Effects on hybridization of interlayer composites and self-reinforced polypropylene
Keywords:Hybrid composites, Carbon fibre, Aramid fibre, Self-reinforced polypropylene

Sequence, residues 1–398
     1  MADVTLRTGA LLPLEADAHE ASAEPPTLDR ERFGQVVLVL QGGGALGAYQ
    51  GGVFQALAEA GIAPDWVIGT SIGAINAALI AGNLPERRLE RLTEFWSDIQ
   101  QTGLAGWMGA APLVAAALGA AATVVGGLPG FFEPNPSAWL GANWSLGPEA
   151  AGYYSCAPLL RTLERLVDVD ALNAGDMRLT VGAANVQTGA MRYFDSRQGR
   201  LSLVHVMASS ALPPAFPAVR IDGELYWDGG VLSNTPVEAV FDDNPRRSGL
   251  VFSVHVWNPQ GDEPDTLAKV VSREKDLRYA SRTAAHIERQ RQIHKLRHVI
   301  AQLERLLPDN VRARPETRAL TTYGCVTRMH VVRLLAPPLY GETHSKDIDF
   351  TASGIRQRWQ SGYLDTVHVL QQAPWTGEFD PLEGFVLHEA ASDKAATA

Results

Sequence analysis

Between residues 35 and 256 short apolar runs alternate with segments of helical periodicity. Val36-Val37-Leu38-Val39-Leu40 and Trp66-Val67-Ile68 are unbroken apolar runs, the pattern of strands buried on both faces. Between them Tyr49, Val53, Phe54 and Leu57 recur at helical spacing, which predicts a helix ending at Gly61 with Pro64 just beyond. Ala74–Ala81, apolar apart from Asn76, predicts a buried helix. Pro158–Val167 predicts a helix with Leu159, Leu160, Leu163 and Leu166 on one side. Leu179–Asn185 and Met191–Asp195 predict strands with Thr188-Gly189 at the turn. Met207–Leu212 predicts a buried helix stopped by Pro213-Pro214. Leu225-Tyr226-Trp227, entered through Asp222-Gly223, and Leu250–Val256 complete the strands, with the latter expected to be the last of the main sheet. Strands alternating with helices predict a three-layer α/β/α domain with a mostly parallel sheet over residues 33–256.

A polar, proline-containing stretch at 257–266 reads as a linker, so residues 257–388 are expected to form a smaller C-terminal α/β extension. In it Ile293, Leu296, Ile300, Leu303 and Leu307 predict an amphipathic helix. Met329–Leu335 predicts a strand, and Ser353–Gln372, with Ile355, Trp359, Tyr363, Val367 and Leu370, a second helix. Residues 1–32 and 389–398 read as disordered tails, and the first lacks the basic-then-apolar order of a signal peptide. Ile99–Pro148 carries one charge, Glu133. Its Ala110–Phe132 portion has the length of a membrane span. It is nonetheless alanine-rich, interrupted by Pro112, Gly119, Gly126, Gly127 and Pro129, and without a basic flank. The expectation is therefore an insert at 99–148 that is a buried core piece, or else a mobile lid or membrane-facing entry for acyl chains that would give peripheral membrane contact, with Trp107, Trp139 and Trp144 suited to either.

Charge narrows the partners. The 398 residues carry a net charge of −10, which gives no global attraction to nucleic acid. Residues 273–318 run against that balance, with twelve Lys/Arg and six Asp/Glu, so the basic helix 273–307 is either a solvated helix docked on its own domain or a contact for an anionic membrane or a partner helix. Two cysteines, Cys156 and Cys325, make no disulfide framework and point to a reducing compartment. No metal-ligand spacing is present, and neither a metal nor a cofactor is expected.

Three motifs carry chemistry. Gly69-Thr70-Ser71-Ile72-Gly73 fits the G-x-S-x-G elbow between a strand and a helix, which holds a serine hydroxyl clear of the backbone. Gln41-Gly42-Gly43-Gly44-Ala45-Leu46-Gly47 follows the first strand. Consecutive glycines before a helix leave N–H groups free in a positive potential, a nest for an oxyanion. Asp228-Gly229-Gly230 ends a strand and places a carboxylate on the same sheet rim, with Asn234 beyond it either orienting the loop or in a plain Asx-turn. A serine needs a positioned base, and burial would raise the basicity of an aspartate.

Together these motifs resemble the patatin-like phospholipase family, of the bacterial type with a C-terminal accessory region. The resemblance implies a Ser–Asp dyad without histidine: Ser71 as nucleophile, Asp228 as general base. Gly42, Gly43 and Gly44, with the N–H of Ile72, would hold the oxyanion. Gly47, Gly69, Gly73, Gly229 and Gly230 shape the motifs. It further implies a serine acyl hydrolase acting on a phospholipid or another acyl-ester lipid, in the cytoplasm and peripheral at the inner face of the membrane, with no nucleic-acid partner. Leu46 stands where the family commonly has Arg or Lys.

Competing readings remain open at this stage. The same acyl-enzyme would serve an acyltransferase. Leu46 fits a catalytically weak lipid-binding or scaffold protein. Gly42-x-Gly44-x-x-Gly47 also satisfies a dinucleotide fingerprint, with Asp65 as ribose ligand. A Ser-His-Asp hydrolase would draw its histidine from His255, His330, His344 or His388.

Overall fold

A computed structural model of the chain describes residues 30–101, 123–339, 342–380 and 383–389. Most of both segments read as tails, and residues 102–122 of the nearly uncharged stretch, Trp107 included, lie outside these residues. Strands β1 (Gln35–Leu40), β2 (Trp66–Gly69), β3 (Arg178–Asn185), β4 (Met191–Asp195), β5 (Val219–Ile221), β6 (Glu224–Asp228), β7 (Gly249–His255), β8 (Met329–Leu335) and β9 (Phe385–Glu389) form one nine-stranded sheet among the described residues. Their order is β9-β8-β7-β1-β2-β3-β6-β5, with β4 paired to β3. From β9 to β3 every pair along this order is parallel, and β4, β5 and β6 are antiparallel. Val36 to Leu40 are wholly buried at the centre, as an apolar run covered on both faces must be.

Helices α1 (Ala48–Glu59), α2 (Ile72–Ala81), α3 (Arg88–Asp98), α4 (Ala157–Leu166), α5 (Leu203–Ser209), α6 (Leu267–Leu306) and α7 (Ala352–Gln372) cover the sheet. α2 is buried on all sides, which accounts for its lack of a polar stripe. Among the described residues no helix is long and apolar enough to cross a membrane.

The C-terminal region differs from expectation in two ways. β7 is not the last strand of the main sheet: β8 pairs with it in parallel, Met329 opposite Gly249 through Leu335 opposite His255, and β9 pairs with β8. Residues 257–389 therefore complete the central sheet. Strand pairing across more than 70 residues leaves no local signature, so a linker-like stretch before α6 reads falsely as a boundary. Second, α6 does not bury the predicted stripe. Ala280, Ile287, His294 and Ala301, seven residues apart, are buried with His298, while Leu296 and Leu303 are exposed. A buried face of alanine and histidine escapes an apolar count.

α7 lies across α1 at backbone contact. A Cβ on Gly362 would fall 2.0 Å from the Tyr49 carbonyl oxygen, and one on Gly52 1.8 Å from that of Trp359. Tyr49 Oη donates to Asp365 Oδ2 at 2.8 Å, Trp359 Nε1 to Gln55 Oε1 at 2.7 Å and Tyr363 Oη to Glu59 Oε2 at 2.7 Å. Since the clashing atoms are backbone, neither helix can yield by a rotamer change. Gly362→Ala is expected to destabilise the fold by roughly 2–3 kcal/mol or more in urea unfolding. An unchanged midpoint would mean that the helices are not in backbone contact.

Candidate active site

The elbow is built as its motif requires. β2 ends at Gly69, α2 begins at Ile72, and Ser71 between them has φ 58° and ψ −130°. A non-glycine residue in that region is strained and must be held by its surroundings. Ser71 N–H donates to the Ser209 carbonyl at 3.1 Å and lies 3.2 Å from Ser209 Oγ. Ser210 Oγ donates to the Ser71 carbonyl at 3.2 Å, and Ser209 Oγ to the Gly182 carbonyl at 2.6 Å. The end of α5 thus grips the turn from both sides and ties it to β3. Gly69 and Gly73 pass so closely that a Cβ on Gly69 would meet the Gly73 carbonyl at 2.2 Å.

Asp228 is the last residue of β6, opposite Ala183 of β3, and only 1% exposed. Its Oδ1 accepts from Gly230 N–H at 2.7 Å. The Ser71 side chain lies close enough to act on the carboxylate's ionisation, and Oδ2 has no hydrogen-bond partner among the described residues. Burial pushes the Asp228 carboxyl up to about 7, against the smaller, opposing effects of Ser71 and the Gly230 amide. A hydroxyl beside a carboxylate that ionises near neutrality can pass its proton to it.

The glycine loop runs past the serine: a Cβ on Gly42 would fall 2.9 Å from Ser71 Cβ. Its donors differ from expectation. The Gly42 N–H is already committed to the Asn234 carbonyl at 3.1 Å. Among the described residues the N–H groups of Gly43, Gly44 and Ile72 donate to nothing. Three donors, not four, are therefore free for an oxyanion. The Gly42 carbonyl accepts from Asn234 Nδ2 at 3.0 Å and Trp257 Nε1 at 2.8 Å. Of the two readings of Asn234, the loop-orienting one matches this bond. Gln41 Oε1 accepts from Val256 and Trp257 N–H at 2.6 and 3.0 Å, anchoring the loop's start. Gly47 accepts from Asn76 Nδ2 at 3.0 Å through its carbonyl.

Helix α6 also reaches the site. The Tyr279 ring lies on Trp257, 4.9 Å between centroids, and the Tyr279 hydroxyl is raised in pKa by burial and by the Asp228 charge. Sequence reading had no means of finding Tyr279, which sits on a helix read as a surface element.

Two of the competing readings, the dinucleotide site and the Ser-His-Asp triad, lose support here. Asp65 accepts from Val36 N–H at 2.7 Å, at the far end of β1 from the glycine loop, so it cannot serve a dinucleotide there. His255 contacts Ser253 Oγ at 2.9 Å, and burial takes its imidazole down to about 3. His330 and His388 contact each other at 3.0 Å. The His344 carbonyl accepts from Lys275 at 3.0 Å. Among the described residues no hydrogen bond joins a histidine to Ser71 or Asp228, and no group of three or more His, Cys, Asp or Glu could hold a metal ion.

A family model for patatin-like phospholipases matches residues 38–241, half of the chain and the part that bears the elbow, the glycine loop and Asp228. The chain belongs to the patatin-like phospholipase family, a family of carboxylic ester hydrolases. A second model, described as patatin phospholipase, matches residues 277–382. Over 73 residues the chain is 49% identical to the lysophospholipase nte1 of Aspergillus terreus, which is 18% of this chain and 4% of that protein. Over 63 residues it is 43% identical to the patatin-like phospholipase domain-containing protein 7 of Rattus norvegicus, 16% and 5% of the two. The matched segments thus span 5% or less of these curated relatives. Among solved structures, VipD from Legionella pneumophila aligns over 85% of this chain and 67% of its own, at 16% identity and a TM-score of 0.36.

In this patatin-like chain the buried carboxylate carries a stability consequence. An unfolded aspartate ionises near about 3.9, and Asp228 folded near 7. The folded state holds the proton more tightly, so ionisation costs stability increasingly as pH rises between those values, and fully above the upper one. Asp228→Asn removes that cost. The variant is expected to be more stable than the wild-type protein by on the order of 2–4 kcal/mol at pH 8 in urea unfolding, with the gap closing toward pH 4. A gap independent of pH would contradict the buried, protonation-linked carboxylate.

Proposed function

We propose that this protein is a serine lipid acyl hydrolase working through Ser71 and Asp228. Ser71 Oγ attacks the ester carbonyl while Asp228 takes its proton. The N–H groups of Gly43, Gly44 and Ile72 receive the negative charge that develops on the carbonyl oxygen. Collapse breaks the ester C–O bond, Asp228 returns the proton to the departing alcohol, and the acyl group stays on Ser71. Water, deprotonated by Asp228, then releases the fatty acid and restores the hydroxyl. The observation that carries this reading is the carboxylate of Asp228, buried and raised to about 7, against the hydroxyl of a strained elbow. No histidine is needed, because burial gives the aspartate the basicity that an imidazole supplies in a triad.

In recent years, there has been increasing attention to develop a high-strength, lightweight composite as a potential substitution for conventional materials in various sectors, whereby most studies have focused on the mechanical performances of fibre-reinforced plastic (FRP) such as carbon, glass and aramid. In contrast, the hybrid composites are less common, though are viewed to have substantial potential in terms of flexibility and capability to merge the benefits of different composites. In this study, five composite designs consisting of several types of woven fibres and self-reinforced polypropylene (SRPP) sheets have been fabricated using the hand lay-up procedure. Several designs are arranged based on the interlayer hybridization mode. The static mechanical properties of the composite designs were examined through the standard tensile and three-point flexural tests. The outcomes attained from the experimental works revealed that carbon fibre-reinforced plastic (CFRP) produced the best tensile characteristics. The CFRP structure displayed 46% higher tensile strength and a 33% greater elastic modulus compared to the CAFRP specimen. Meanwhile, hybrid carbon/aramid fibre-reinforced plastic (CAFRP) pointedly enhanced flexural properties in comparison with single type and other hybrid composites, whereby CAFRP structure outperformed the CFRP structure, exhibiting superior results with variations of 50% and 19% in flexural strength and modulus, respectively. Though the inclusion of SRPP layers in-between the hybrid setup exhibited a decrease in both tensile and flexural strength, but improved the total strain level. The evidence from this study suggests that FRP composites indicate structures of high strength and stiffness but low elongation, whereas SRPP-based composites improve toughness but reduce stiffness characteristics.
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